Blindness

  • Medical Author:
    Andrew A. Dahl, MD, FACS

    Andrew A. Dahl, MD, is a board-certified ophthalmologist. Dr. Dahl's educational background includes a BA with Honors and Distinction from Wesleyan University, Middletown, CT, and an MD from Cornell University, where he was selected for Alpha Omega Alpha, the national medical honor society. He had an internal medical internship at the New York Hospital/Cornell Medical Center.

  • Medical Editor: William C. Shiel Jr., MD, FACP, FACR
    William C. Shiel Jr., MD, FACP, FACR

    William C. Shiel Jr., MD, FACP, FACR

    Dr. Shiel received a Bachelor of Science degree with honors from the University of Notre Dame. There he was involved in research in radiation biology and received the Huisking Scholarship. After graduating from St. Louis University School of Medicine, he completed his Internal Medicine residency and Rheumatology fellowship at the University of California, Irvine. He is board-certified in Internal Medicine and Rheumatology.

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What are the different types of blindness?

Color blindness is the inability to perceive differences in various shades of colors, particularly green and red, that others can distinguish. It is most often inherited (genetic) and affects about 8% of males and under 1% of women. People who are color blind usually have normal vision otherwise and can function well visually. This is actually not true blindness.

Night blindness is a difficulty in seeing under situations of decreased illumination. It can be genetic or acquired. The majority of people who have night vision difficulties function well under normal lighting conditions; this is not a state of sightlessness.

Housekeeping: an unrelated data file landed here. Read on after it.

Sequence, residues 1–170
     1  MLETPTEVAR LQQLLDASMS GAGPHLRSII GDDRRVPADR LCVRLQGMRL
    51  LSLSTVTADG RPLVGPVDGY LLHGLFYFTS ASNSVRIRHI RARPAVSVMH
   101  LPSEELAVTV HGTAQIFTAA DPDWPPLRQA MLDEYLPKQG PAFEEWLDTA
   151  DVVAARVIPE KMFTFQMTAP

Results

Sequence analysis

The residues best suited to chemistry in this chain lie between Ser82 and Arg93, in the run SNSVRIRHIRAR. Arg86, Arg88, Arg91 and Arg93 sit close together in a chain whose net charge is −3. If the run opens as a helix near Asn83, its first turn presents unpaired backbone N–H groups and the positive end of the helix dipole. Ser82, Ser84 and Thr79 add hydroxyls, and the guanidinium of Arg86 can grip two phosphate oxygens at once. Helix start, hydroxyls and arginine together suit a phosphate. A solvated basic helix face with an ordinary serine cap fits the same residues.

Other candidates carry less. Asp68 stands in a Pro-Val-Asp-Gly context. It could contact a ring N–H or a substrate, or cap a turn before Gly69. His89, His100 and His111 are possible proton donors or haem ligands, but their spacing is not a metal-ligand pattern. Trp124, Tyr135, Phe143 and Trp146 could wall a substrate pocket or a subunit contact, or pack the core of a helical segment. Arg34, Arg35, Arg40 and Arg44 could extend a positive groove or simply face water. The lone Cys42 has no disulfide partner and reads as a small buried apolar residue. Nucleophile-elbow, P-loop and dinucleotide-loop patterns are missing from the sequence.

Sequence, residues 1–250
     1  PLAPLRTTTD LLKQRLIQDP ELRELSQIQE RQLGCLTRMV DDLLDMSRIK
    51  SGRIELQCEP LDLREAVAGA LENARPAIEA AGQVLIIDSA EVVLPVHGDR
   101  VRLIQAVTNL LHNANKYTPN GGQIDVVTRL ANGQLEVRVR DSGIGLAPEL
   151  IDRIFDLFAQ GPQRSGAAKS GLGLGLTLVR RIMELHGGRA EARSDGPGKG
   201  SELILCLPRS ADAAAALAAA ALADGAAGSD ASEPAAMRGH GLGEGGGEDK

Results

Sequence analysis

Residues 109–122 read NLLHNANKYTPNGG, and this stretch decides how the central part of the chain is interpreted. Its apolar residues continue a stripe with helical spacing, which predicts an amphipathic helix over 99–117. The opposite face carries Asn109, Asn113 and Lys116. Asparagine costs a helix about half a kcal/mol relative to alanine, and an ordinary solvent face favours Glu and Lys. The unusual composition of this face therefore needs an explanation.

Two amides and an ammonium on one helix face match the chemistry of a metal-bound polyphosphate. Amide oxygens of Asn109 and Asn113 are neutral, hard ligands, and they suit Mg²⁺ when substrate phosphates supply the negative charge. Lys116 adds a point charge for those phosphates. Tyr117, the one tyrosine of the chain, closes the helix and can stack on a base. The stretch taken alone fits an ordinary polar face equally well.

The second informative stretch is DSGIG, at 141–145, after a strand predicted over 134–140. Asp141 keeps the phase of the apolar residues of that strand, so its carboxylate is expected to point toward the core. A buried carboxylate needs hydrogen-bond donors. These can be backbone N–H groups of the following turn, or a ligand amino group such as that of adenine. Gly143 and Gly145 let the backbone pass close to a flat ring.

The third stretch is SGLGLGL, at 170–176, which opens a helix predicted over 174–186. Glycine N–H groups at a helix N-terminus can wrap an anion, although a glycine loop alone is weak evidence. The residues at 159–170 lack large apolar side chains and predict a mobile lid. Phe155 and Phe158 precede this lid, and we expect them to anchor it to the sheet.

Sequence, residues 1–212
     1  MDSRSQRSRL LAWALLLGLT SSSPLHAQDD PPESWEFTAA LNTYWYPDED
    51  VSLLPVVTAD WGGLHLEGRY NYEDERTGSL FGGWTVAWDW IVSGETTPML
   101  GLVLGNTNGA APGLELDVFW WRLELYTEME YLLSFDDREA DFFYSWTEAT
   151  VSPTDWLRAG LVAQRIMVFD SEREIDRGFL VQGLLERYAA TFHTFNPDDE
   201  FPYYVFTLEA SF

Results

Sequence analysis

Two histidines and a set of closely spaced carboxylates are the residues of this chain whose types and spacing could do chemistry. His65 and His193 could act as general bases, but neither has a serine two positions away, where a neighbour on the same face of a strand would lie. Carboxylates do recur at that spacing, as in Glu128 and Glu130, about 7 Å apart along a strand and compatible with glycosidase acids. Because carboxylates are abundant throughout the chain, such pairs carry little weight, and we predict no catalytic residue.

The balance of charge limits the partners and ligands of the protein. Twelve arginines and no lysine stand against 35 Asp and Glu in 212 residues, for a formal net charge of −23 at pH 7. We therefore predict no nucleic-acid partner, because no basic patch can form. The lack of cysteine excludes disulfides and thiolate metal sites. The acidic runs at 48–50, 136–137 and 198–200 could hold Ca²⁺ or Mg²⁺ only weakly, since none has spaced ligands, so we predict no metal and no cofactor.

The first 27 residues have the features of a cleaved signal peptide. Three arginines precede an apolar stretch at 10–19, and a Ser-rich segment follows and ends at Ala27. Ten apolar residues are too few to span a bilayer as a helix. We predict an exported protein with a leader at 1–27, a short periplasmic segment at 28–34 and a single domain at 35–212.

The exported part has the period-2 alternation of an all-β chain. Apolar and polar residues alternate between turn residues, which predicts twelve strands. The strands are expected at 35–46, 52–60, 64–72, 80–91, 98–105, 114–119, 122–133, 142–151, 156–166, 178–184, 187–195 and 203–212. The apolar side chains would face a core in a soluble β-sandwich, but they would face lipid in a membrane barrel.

Snow blindness is loss of vision after exposure of the eyes to large amounts of ultraviolet light. Snow blindness is usually temporary and is due to swelling of cells of the corneal surface. Even in the most severe of cases of snow blindness, the individual is still able to see shapes and movement.

People often say, "I am 'blind as a bat' without my glasses." All bat species have eyes, and most have excellent vision. More importantly, the term blindness means the inability to see despite wearing glasses. Anyone who has access to glasses and sees well with the glasses cannot be termed blind.

What causes blindness?

The many causes of blindness differ according to the socioeconomic condition of the nation being studied. In developed nations, the leading causes of blindness include ocular complications of diabetes, macular degeneration, and traumatic injuries. In third-world nations where 90% of the world's visually impaired population lives, the principal causes are infections, cataracts, glaucoma, injury, and inability to obtain any glasses.

Infectious causes in underdeveloped areas of the world include trachoma, onchocerciasis (river blindness), and leprosy. The most common infectious cause of blindness in developed nations is herpes simplex.

Other causes of blindness include vitamin A deficiency, retinopathy of prematurity, blood vessel disease involving the retina or optic nerve including stroke, ocular inflammatory disease, retinitis pigmentosa, primary or secondary malignancies of the eye, congenital abnormalities, hereditary diseases of the eye, and chemical poisoning from toxic agents such as methanol.

Medically Reviewed by a Doctor on 2/25/2015

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